Not surprisingly, a recent report has identified congestion pricing as the best approach to dealing with New York City's mounting traffic congestion issues.
Congestion pricing is a way for large cities to cut down on traffic congestion by charging tolls or fees. Drivers in these areas are obligated to pay to drive in certain areas or at certain times with the most congestion. This mechanism is meant to encourage people to carpool, take public transportation, or to avoid such trips. Not only does congestion pricing increase the quality of life in city centers due to less congestion, but they lead to the longterm benefits of lessening smog and carbon emissions.
The institution of these fees has generally begun in the 2000s, and 2010s, while Norway implemented congestion pricing extensively in the 1990s. Its oldest program dates back to 1986 in the city of Bergen.
Economics of Congestion Pricing
Looked at as an economic concept, congestion pricing focuses on the demand side of the law of supply and demand. Roads are in high demand in the morning and early evening when people are going to and leaving work. The idea is that, in addition to encouraging the use of subways or light rail trains for commuters, congestion pricing keeps non-commuters outside of congested areas at rush hour, requiring them to pay for, say, going to dinner at a restaurant or staying in the city center after work for shopping, etc.
Types of Congestion Pricing Plans
Cordon Congestion Pricing
This pricing plan is oriented around the most congested parts of a city. It usually involves setting up payment booths (or making other arrangements for payment) and charging drivers a flat or time-based fee to enter the busiest parts of the metropolitan area.
For example, in 2003, London set up a cordon plan, charging motorists £5 to drive in designated areas between 7:00 a.m. and 6:30 p.m. on weekdays.
Distance-based Congestion Pricing
This type of congestion pricing can be considered a rural model, since it usually applies to stretches of highways. U.S. residents are very familiar with toll highways, sometimes called turnpikes, which work on this model. When exiting the highway, motorists pay a fee that corresponds to how much distance they've traveled––if one needs to or chooses to be on the toll highway longer, she/he will pay more.
This is meant to help with congested highways by encouraging people to fan out into smaller, shorter highways that take a scenic route and don't have tolls.
Time-based Congestion Pricing
Often, municipalities try to keep charges down so residents won't get too angry. They may turn to systems that impose tolls only at peak times, such as a couple of hours in the morning and a couple at the end of the work day.
One example of this is in San Francisco––as of 2010, tolls on the San Francisco-Bay Bridge are in effect from 5-10 a.m. and 3-7 p.m., weekdays only.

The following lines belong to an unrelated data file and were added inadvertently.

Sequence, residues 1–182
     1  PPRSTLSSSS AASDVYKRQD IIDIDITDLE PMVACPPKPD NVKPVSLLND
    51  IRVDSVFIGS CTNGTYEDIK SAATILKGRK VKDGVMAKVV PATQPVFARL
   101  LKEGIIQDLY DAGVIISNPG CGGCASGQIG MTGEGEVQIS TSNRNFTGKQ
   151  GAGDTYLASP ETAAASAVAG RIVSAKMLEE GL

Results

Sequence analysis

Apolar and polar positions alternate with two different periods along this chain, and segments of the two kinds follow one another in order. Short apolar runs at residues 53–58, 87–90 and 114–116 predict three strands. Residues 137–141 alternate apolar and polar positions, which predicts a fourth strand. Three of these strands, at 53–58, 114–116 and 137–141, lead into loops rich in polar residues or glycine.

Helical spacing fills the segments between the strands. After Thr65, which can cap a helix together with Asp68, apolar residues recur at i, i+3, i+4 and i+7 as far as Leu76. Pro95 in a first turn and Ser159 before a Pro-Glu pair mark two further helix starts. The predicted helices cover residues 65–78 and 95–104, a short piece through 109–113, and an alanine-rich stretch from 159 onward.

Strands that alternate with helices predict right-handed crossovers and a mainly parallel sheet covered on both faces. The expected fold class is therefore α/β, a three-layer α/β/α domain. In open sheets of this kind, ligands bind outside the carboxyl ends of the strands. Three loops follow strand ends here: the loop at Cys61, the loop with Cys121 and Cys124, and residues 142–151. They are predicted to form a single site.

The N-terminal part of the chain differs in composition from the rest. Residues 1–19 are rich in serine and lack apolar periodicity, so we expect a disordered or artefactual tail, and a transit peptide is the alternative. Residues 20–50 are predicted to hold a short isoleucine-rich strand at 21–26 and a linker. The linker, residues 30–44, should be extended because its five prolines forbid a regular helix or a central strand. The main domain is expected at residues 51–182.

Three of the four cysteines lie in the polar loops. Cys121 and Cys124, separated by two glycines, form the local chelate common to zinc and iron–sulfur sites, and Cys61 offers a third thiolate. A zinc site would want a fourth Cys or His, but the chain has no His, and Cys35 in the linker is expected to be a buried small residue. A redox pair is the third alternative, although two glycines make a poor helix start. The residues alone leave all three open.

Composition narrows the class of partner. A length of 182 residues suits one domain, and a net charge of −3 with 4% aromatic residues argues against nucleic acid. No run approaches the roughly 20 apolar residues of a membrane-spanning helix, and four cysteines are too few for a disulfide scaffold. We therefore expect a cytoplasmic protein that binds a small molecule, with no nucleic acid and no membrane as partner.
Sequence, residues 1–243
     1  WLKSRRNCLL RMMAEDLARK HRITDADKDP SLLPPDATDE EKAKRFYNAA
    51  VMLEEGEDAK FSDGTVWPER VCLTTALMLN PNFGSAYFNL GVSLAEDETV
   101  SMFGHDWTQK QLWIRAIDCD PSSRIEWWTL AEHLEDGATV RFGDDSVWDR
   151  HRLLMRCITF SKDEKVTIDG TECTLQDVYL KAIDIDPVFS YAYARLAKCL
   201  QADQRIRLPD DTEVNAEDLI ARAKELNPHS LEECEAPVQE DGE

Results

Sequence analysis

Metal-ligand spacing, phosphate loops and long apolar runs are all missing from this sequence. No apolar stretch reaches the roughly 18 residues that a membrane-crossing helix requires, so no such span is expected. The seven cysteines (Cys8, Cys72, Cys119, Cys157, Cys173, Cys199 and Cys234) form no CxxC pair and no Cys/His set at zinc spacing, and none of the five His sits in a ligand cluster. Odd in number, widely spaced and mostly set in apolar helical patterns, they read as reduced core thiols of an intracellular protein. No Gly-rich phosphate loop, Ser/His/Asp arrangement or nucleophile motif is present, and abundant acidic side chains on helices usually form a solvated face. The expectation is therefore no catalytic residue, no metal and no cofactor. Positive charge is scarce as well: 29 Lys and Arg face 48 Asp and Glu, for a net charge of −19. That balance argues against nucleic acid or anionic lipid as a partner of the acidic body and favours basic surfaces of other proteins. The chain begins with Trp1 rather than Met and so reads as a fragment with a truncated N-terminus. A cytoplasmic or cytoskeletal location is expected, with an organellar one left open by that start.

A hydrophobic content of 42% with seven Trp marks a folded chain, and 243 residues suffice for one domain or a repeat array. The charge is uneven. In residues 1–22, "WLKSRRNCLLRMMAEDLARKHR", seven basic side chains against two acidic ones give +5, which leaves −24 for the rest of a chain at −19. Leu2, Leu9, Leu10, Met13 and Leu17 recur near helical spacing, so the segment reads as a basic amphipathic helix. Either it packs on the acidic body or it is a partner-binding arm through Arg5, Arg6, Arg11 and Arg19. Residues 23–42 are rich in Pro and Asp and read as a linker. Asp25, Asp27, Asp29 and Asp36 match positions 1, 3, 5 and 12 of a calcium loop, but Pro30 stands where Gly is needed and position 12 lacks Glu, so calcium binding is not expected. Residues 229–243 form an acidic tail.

Valuable Pricing for congestion might be thought of as a simple example of how a "smart city" might work. It is a matter of collective comprehensive data and using it to make real-time alterations of prices to charge drivers based on situations.
This developing, cutting-edge methodology would use GPS and other technologies for local government employees to track congestion in real time, that caused by too much demand (rush hour traffic) or too little supply (lane closures due to construction, etc.).
Drivers would be notified of the prices to drive various routes via apps or similar in-vehicle technology. This way, when certain areas are congested at that particular moment––not generally––drivers will be encouraged to choose other routes to––ideally––reduce congestion and make driving in construction areas or bumper-to-bumper traffic situations safer.
Congestion Pricing to Fund Projects
These are the most common types of congestion pricing, keeping in mind that they are often used in some combination, with components of more than one model working together. Another point worth considering is that congestion pricing doesn't have to apply to road travel, or even to physical congestion. It can also apply to other situations in which there's excessive demand for resources such as electricity or phone service.
However, we will focus on traffic when looking at the revenue it can bring. The payments from motorists do add up to profits. Most cities have policies that require the funds brought in be used to recoup those expenditures.
While congestion pricing has a primary goal of reducing congestion, another attractive outcome of the policies are such that they bring in surpluses. Sometimes these extra funds can go to transportation-related projects. As one handy example, a San Diego congestion pricing program that included fast lanes used the fees for those lanes to fund a line of bus service called Inland Breeze––$500,000 in funding, to be exact.
According to a report from the Lincoln Institute on congestion pricing advises, "Public opinion is perhaps the most critical determinant of the prospect for successful congestion pricing implementation." It further states that in addition to finding out how community members may feel about such programs, parties that want to implement them should also engage in outreach, which can include educating people about the environmental benefits.
These benefits chiefly include less smog and other adverse effects of car and truck exhaust. These can have longterm benefits in the fight against global warming. What this means is that when a local government begins doing outreach prior to a congestion pricing campaign, it has the audience's ear.
People who may not follow environmental news do take notice when their pocketbooks are directly involved. Congestion pricing definitely raises awareness, and through reducing greenhouse gases, it can play an important role in saving the world.